Those of us who love dining at great restaurants rarely go behind the scenes into the kitchens except via TV cooking shows. In Burnt, we get to see Adam Jones in his sparkling clean, beautifully equipped kitchen with plenty of staff to make sure his dishes are perfect. As industry personnel know, when a kitchen is humming smoothly, it’s a beautiful thing.

Burnt challenges audiences to root for Bradley Cooper’s character, whose charm is somewhat muted by his raging ego. If you can embrace Adam Jones and his comeback attempt, you’re more likely to enjoy Burnt.

Skyfall

“Skyfall” is the best of the James Bond movies starring Daniel Craig and one of the better Bond films of the entire 50-year series. The action, the locations and the characters are engaging from the first frame to the last.

It starts with an incredible chase scene that involves motorbikes on Istanbul rooftops and hand-to-hand combat atop a moving train. Bond is trying to grab a computer drive that contains the identities of several agents who have infiltrated terrorist gangs. He fails.

He goes to Shanghai—which looks gorgeous in an establishing shot—to get the drive and gets into more hand-to-hand combat. In a stylistic shot from director Sam Mendes, part of the battle is fought in the upper stories of a high rise, in silhouette against the night sky.

Next on the Bond “Skyfall” tour is Macau, in coastal China, near Hong Kong. Here he meets a mysterious woman who takes him to meet Raoul Silver, played with panache by a blonde-haired Javier Bardim. Silver may be the first gay Bond villain. Turns out he’s a former British agent who was captured by the Chinese and has now become a cyber terrorist.

Bond returns Silva to London but, dang it, he escapes and more bad things happen. Bond retreats to his boyhood home in Scotland. He purposely leaves a trail to lure Silva for their ultimate face off.

Among the film’s other characters and actors: The great Judi Dench as M; a new Q, a young geek of a guy, played by Ben Whishaw; Albert Finney as the gamekeeper of the Scottish estate; Ralph Fiennes as a British government official with authority over the spy agency.

There are a couple of nods to the Bond of days gone by, including the use of a classic sports car with special weaponry. And, Miss Moneypenny is back. And while we don’t hear Bond proscribe his preferred technique, we do hear him tell the bartender, “Perfect,” when his drink is poured from… a shaker.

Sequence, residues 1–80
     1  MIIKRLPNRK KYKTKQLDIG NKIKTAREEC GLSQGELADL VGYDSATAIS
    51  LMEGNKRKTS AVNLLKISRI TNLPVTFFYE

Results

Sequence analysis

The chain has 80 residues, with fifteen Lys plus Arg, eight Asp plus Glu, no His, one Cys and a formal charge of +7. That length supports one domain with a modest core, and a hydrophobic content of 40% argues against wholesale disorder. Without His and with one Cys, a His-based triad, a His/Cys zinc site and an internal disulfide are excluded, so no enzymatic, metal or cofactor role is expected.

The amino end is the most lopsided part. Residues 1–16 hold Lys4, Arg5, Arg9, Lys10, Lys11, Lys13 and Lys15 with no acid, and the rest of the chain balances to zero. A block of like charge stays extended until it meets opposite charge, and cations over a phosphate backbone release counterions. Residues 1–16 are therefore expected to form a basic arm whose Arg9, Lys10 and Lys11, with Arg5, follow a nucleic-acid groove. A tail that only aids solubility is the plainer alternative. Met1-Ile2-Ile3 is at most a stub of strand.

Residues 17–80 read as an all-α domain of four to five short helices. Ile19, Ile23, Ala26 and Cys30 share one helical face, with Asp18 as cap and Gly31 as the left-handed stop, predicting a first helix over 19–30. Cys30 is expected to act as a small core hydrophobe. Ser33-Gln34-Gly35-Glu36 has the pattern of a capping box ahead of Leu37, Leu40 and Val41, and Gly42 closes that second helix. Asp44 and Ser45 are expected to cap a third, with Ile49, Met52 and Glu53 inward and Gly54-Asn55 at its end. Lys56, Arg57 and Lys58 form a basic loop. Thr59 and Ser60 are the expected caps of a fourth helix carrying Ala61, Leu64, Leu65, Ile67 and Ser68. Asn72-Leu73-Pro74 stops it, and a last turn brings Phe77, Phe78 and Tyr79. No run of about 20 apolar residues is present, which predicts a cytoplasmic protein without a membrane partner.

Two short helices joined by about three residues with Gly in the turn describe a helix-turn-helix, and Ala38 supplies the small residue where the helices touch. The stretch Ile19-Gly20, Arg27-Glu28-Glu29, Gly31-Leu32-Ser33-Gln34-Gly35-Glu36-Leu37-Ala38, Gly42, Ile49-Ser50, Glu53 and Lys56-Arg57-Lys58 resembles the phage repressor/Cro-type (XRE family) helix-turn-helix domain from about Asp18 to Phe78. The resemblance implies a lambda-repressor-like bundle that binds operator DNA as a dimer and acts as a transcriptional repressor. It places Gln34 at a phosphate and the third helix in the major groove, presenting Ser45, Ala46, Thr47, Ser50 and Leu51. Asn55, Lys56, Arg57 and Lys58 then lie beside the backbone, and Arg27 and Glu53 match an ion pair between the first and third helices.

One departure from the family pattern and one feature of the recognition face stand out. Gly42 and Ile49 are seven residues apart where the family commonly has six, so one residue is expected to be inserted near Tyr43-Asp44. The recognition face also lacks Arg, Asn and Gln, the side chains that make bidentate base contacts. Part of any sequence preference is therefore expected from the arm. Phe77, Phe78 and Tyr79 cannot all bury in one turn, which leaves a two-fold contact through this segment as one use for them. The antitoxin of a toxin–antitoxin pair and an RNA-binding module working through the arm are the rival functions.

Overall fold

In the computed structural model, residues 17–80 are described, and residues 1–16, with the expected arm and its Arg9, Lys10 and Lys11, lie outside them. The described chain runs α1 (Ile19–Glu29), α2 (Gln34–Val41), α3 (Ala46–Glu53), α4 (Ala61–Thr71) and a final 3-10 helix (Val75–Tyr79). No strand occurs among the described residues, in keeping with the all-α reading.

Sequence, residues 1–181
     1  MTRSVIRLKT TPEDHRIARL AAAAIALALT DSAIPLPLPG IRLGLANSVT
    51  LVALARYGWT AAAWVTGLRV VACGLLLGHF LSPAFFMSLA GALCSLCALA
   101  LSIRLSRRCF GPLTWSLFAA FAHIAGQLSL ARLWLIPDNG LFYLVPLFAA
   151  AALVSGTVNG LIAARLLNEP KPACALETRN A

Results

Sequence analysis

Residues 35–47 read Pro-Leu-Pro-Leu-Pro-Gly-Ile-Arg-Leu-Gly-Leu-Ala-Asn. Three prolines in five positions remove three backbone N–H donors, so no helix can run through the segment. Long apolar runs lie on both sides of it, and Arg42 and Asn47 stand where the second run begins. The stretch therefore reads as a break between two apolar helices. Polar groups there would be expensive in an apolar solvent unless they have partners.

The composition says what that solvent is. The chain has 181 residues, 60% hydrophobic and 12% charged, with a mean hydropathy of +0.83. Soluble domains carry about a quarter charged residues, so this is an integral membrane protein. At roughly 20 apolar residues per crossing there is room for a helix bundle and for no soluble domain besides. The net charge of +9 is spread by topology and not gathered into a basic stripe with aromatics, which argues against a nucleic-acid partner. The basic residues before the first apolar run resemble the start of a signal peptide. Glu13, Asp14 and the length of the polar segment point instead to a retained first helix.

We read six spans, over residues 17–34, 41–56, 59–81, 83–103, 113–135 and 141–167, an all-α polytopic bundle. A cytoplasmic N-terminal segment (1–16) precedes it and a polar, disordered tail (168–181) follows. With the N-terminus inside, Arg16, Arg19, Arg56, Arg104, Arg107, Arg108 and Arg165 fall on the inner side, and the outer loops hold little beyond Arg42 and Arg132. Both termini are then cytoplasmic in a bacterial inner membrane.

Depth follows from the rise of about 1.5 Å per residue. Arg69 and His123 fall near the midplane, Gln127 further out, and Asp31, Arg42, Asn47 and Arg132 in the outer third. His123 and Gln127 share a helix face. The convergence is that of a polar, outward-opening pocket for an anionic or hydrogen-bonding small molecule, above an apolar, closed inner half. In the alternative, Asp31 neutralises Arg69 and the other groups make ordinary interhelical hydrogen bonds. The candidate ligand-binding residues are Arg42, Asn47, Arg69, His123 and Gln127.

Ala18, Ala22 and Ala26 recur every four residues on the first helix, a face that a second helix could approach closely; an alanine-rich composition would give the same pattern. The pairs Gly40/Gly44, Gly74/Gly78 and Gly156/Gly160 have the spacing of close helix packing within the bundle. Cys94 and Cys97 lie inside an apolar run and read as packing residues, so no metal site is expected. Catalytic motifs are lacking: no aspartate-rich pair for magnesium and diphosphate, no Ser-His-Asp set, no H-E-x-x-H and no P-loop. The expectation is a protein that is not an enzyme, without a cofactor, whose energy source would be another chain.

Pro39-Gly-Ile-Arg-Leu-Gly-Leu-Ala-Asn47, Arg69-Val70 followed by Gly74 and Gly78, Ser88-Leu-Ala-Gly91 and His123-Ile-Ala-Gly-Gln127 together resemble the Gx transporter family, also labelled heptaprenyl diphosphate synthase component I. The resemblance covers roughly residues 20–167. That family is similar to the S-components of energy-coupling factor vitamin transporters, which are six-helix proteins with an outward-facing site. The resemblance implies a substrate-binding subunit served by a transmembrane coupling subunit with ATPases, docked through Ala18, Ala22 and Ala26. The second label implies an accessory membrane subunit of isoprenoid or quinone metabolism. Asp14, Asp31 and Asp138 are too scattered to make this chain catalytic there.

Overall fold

“Skyfall” lacks a classic Bond babe but introduces an attractive, flirty woman we can hope to see in future 007 films.

Despite being a tad too long, “Skyfall” will thrill you and entertain you. If you are a Bond fan to any degree, this is a “must-see.”

“Deep Blue Sea”—(Melancholy, Baby)

“Deep Blue Sea” reminds me of those late 30’s movies my wife loves to watch on AMC and TCM: It’s slow. It has a small core of key players. It greatly resembles a stage play.

Actually, “Deep Blue Sea” was a stage play! It debuted in London in 1952 and came to Broadway a year later. The movie stars Rachel Weisz as a young woman married to an older man. He is a wealthy London judge. They have a nice life but she wants passion. Her mother-in-law advises her that “restrained enthusiasm” is preferable to passion.

She finds passion with a younger man, a military pilot. She leaves the older guy, moves in with the younger guy, but he (the younger guy) is not quite ready to settle down. He still wants to party in bars, instead of spending all his time with Rachel. This makes her gloomy.

Will she go back to the older guy? Will she follow the younger guy across the ocean? Will she kill herself? No spoilers here!

Director Terrence Davies has turned in a movie that has many stylish shots, including those at the beginning and end of the narrative that frame the film.

Tom Hiddleston plays the younger guy. Simon Russell Beale plays the judge. They’re good, but this is Rachel Weisz’s movie.

If you want an antidote for loud, fast-paced movies with plots that are hard to follow, check out “Deep Blue Sea.” It’s more about the characters and their needs and desires than it is about the plot. And it’s slow. Not that there’s anything wrong with that.

Rated “R” for a nude scene. Opening date for “Deep Blue Sea” has been pushed back to Friday, April 20 at the Plaza Frontenac Theatre.